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Peter Härtling: Eine Frau (A Woman)

For many European cultures, the apotheosis of the bourgeois novel was the nineteenth century. Middlemarch and Madame Bovary are two of the best-known examples (and two of the finest novels ever written). Germany came a bit late to the table, with Buddenbrooks being the crowning achievement. However, though not nearly as well known, at least outside Germany, this novel approaches the standard of that great novel.

Härtling’s achievement is not just to tell the story of a bourgeois family in a bourgeois style – though that is in itself a fine achievement – but to tell of the life of a unique though not necessarily unusual woman. Katharina Wüllner was born in Dresden in 1902 and the novel follows her story from her birth to what must be just prior to her death in 1970. Her father is a well-to-do manufacturer and her mother Jewish. She has an older sister – Elle – who is killed in a car crash in her early twenties and two brothers, Dieter and Ernst, the latter of whom will kill himself in Italy during World War II. Katharina, against her background, early on becomes sympathetic to left-wing causes and, indeed, sleeps with a man more for his political views than for his sexual appeal. She will remain sympathetic to such causes all her life and will join a demonstration against a right-wing newspaper when in her sixties.

After a relatively rich but not particularly eventful childhood, she marries Ferdinand and moves with him to Prague. Ferdinand runs a factory and it is here that she sees in Ferdinand, but also generally, the racism that will soon typify Germany. Though the racism of Ferdinand (and other Germans) is directed against the Jews, it is also directed against the Czechs. Katharina tries to help a poor Czech family, four of whom work for her husband, but is politely but firmly rebuffed. Härtling paints a picture of the creeping racism and belligerence of the Germans towards their neighbours. Katharina and Ferdinand have four children – two twins, Peter and Paul (who will become Hitler Youth and then fight for their country, with Paul being killed), Camilla and, finally Annamaria.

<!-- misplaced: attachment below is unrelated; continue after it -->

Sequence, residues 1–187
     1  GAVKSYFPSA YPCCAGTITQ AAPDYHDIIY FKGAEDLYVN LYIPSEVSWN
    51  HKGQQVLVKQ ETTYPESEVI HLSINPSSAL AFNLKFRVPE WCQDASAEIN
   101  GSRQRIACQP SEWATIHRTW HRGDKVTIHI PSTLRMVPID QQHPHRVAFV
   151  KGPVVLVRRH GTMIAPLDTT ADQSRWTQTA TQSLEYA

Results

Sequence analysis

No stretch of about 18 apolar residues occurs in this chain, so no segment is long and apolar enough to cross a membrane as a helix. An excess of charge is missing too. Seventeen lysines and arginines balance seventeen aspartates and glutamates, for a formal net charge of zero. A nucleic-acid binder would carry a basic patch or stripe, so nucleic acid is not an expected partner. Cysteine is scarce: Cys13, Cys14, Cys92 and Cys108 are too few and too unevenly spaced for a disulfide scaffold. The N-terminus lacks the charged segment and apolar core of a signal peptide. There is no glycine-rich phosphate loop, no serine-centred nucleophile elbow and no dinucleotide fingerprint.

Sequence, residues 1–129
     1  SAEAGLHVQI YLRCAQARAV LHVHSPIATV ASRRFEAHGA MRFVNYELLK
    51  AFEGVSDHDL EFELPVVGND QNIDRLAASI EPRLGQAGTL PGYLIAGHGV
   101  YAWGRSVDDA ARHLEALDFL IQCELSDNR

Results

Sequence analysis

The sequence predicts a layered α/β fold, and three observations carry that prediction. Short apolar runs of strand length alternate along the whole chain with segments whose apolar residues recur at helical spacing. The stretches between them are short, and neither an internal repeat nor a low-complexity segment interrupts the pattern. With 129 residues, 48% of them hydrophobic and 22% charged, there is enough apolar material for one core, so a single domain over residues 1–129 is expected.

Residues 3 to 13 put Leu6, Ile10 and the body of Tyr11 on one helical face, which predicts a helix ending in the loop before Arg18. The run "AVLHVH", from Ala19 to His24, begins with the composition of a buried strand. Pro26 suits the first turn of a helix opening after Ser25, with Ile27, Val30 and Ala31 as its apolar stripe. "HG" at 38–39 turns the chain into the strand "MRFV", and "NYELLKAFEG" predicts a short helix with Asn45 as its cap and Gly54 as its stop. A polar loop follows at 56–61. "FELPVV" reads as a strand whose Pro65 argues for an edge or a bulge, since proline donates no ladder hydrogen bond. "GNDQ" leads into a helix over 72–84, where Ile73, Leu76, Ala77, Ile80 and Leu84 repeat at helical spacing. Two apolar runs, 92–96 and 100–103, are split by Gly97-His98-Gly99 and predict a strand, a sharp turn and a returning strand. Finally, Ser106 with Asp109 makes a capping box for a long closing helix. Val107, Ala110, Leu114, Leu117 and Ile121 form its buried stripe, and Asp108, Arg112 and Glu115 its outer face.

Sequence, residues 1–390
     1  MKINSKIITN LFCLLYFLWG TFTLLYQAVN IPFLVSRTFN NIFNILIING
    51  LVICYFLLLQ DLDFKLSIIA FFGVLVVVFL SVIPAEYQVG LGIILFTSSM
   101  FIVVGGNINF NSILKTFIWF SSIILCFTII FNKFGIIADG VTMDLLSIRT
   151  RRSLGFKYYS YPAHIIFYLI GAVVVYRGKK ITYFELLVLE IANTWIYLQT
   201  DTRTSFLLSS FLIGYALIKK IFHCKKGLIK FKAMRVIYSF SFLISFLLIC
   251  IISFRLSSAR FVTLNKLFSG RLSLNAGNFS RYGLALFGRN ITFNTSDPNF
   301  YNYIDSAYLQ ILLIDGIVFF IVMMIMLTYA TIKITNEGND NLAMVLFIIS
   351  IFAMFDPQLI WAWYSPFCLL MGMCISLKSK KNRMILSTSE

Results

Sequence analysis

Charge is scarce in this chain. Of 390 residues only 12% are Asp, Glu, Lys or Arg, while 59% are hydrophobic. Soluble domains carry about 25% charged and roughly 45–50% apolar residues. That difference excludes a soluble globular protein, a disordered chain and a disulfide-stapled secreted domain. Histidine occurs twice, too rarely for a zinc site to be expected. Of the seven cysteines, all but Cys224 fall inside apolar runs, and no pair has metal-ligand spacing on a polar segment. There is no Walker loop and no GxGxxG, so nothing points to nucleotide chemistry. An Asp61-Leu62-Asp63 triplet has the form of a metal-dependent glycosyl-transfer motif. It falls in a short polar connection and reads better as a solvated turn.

They then move to what was then Brünn, now Brno where the political situation deteriorates. Peter and Paul go off to war and Camilla gets married. Ferdinand will also have to fight and is killed. Katharina’s father, after seeing his firm go bankrupt during the Great Crash, dies and her mother comes and lives with them. While they more or less survive the war, they have to flee the advancing Russians at the end of the War and end up in Stuttgart. Katharina works in a factory and survives but has to look after Annamaria’s son, Achim, when Annamaria leaves her first husband and remarries. She survives all of this and other vicissitudes.

Härtling has told us the story of a woman who survives change, adversity and all manner of troubles. She has also survived them as a woman, as she struggles not only against the racism she sees around her, but also sexism, from her father who does not see any point in education for girls, to the struggles she has with Ferdinand to become an equal partner in his firm. Somehow Katharina keeps her head up, does not give up, does not back down, even if she does not always win. And Härtling has created a memorable character and memorable novel.

Publishing history

First published 1974 by Luchterhand
First English translation 1988 by Holmes & Meier
Translated by Joachim Neugrosche